Thursday, April 10, 2014


My wife and I were buying Easter candy the other day, despite the fact that our children are well past easter basket stage. They like it and it's a fun tradition.

It's not like it's new this year, but I really only just put it together how much Easter candy offerings have changed since I was a kid.

If you grew up in the 70s, you might remember the old cellophane-covered, prepackaged Easter baskets. The basket usually had some creative pastel colors woven through it. In each basket was usually the following: A stuffed bunny, a chocolate bunny, jellybeans, Peeps, Robin's Eggs (malted milk candy) and bubble gum eggs.

The Easter bunnies were always hollow. So as soon as you bit into it, it sort of crumbled. The chocolate wasn't all that good either, but hey, it was chocolate. Now, they have solid chocolate bunnies in exotic flavors and brands. You can get a Dove Chocolate rabbit, you can get a Reese's rabbit, you can get a White Chocolate rabbit. The choices are seemingly endless. Jellybeans are varied too: Starburst, Sweet Tart and lots of others.

I was never much into Peeps, so I have trouble understanding the modern enthusiasm for them. Someone at my office brought in a package of chocolate Peeps once so I tried them. Nope. It just tastes like Peeps with a vague chocolate hint.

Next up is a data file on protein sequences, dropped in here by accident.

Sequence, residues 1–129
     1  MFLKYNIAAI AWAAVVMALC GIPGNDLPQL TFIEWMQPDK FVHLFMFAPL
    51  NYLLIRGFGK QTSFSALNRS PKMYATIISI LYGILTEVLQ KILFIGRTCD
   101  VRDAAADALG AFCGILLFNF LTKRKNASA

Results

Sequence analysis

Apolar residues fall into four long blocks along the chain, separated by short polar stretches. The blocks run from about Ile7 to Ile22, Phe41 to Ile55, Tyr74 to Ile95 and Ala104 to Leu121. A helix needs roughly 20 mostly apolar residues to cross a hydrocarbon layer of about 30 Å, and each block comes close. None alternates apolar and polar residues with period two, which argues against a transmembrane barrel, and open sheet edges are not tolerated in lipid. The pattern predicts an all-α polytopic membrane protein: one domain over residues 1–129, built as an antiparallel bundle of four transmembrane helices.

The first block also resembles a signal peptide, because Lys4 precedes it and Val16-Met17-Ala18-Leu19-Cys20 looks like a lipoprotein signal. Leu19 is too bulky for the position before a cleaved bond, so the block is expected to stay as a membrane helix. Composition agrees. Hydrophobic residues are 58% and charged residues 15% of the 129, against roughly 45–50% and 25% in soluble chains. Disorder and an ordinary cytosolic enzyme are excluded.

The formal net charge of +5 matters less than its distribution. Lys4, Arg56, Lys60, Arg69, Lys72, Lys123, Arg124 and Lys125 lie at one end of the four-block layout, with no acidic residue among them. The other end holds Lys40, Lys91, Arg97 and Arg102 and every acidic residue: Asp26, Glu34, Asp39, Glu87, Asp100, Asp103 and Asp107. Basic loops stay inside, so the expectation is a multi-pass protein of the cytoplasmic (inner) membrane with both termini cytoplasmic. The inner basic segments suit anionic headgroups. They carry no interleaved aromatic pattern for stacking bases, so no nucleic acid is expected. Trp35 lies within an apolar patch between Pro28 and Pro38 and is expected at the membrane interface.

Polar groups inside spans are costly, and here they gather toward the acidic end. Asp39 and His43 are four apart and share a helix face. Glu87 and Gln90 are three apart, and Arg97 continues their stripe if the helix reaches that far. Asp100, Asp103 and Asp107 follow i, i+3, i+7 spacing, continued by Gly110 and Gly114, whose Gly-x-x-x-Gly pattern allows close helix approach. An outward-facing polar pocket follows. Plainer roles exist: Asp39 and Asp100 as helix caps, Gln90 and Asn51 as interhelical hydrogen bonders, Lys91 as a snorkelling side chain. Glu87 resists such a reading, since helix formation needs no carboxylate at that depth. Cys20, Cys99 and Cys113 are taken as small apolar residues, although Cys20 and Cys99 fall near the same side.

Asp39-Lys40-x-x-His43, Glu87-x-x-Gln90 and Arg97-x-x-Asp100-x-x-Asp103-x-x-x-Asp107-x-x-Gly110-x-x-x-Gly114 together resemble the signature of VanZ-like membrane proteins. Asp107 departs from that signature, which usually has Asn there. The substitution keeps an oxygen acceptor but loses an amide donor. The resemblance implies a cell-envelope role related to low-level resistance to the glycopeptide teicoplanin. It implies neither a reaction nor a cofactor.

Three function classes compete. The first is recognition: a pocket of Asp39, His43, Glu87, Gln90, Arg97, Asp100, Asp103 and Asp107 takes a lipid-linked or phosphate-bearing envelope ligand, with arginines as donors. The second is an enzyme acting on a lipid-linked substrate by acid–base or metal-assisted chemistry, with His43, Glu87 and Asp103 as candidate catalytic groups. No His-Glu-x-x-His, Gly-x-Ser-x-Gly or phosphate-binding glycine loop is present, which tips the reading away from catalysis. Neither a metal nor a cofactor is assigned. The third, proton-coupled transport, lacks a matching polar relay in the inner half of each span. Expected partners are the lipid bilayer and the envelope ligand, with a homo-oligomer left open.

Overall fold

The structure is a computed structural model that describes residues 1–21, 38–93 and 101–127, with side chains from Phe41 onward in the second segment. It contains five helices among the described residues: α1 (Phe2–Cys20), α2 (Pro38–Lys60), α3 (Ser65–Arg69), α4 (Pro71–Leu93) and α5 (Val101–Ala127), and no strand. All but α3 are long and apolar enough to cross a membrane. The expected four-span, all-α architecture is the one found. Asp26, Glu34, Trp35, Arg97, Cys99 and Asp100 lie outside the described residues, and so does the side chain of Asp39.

Another Easter memory is the annual showing of the 10 Commandments which, in those days anyway, always ran during the Easter season. It was a win/win for the networks. You had the Christian and Jewish people covered with religious programming during both high holy days. Sometimes they'd even show one of the many Jesus-themed movies like The Greatest Story Ever Told. I miss those traditions, but truth be told I don't have the patience to watch them now. It's faster to read the four Gospels in one sitting than watch either of those movies.

One of my favorite Easter stories is the short story "Easter Weekend" by Eugene England. I took a writing class from him in college and love his writing style. He taught me more about writing and finding my voice than any other teacher. I'm sure he would love the explosion of blogs and independent writing that is so much a part of the modern writing landscape, particularly those that feature LDS voices and stories. He felt it was important that all the stories get told: faithful, faithless and in between.

Happy Easter everyone!